Small Wood Stoves for Small Homes
Andrew, one of our readers, suggested a blog post about small stoves for all those planning small earthbag homes. This is a great idea because earthbag buildings are highly efficient and so in many cases all you need is a small stove. The emphasis here is on small, low cost, do-it-yourself wood stoves that are fairly easy to make. Making the stoves yourself can save you $200-$300 or so. Buying used or a kit are other good options. These small stoves go by various names, including tent stoves, outfitter stoves, shepherd stoves, barrel stoves, homemade wood stoves and so on. The following stoves include military surplus stoves and stoves made from drums, propane tanks, water heater and compressor tanks, beer kegs and ammo boxes.

If you’re serious about building a stove like this, it will pay to watch lots of videos, because there are lots of ways of making things – some better than others. You can mix and match features and get a stove that’s just right for your needs. Consider adding a cooktop surface and hot water jacket (water heating coil). If your welding skills aren’t up to the task or you don’t have the necessary equipment, barter or trade work with a local welder to keep the money in your community. The following list contains some of the best videos from a variety of types.

Army surplus and ammo box stoves
M1941 tent stove
Army Surplus Hunter SHA (Space Heater Arctic)
Homemade Ammo Box Woodburner Stove
Ammo box wood stove 3 FINAL
DIY wood stove from a surplus ammo can

Gas bottle stoves
Luke’s stove made with a gas bottle homemade wood burning stove
Recycled gas bottle log burning stove part 3
Gas bottle log burning stove
Wood Burning Grover Stove
Homemade Wood Stove a.k.a. “Piglet”
Homemade wood burning stove
Wood burning stove with water heater from gas bottle
Home made gas bottle wood burning stove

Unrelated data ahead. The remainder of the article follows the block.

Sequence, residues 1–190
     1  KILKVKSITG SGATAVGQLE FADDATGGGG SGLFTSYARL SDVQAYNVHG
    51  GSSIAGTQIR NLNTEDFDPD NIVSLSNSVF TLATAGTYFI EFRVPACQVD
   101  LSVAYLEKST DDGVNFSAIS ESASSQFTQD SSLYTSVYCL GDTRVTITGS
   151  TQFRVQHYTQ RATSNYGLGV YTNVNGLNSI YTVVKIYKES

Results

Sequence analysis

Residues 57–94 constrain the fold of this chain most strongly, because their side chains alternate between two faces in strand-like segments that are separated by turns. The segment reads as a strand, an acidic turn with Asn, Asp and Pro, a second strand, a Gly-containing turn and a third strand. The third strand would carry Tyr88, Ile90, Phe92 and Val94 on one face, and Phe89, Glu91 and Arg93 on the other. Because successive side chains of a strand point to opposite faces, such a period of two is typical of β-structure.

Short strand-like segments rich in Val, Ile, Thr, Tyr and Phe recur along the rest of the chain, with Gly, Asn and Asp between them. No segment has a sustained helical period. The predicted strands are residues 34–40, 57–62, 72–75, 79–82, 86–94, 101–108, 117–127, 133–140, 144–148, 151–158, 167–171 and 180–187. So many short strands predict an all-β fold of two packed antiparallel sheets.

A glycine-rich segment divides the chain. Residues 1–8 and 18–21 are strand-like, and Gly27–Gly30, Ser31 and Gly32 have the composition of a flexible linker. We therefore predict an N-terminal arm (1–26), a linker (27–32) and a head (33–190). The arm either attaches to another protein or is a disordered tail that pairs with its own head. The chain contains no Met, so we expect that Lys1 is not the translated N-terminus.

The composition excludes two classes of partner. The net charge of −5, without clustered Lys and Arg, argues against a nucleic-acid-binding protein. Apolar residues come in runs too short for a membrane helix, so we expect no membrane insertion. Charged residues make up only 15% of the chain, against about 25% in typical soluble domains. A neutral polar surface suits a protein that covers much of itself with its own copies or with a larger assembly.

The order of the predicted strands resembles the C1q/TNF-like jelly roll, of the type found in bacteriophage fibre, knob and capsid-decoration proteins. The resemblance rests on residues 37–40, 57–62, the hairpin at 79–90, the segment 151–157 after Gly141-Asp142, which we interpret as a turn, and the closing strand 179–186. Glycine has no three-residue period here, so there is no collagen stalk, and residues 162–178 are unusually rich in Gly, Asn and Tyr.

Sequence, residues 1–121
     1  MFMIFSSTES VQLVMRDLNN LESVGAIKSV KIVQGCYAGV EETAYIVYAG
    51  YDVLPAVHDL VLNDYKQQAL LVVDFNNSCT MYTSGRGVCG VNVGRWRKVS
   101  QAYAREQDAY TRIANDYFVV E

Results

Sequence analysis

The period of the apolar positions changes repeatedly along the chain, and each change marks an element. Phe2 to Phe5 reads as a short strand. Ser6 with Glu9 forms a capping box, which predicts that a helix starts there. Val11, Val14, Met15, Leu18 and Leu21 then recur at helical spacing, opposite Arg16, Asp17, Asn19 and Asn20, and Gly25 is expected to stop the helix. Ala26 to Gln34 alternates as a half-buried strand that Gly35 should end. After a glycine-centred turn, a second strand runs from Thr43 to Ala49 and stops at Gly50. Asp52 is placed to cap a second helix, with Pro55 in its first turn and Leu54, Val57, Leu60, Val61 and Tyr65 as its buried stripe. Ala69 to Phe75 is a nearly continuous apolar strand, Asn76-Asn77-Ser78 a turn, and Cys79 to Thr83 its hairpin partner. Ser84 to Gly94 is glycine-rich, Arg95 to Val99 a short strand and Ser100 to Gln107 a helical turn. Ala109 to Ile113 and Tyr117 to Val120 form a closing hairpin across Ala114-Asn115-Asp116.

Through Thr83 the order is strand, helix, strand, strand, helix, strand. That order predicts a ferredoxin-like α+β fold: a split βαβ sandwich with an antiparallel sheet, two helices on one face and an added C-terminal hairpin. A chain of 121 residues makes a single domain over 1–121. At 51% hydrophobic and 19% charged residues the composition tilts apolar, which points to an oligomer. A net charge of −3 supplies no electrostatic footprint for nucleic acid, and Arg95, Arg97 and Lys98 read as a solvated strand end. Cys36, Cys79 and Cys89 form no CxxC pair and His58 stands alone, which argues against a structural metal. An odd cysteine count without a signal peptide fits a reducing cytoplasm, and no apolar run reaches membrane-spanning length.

Cylinder hunt tent stove
Cylinder Stoves Hunter Stove Package Wood Burning Tent Stove

Barrel or drum stoves
Double barrel stove
Winter solo hot tenting
DIY Hunter Tent Stove woodburner #3
Barrel wood stove update
Build Your Own Woodstove For $100
Survival stove
55 gallon wood stove barrel
Barrel Stove Kits

Stoves from hot water tanks
Wood Stove From A Hot Water Heater
How to build a wood stove from old hot water tank
Wood stove from hot water cylinder
Water Heater Wood Stove

Stove from compressor tanks, beer kegs, scrap steel
Air Compressor Tank Wood Stove – The Finale
Beer keg wood stove
Homemade wood burning stove
SHTF Box Wood Stove

Rocket stoves (hugely popular, do a search on YouTube)
DRTV: Rocket Stoves

Stoves for sale
Shepherd stoves
Outfitter stove
Wood burning stove woodburner coal gas bottle stove
Cylinder Stoves Hunter Stove Package Wood Burning Tent Stove

10 thoughts on “Small Wood Stoves for Small Homes”

  1. Luma, I’d love to see pics of your Kia car house :)

    I used to think that cars could be converted into sleeping pods.

    Also a string of cars could be converted to generate hot air (through solar) and the air rises to generate electricity LOL

    I think of cars, they are weather sealed and interesting :)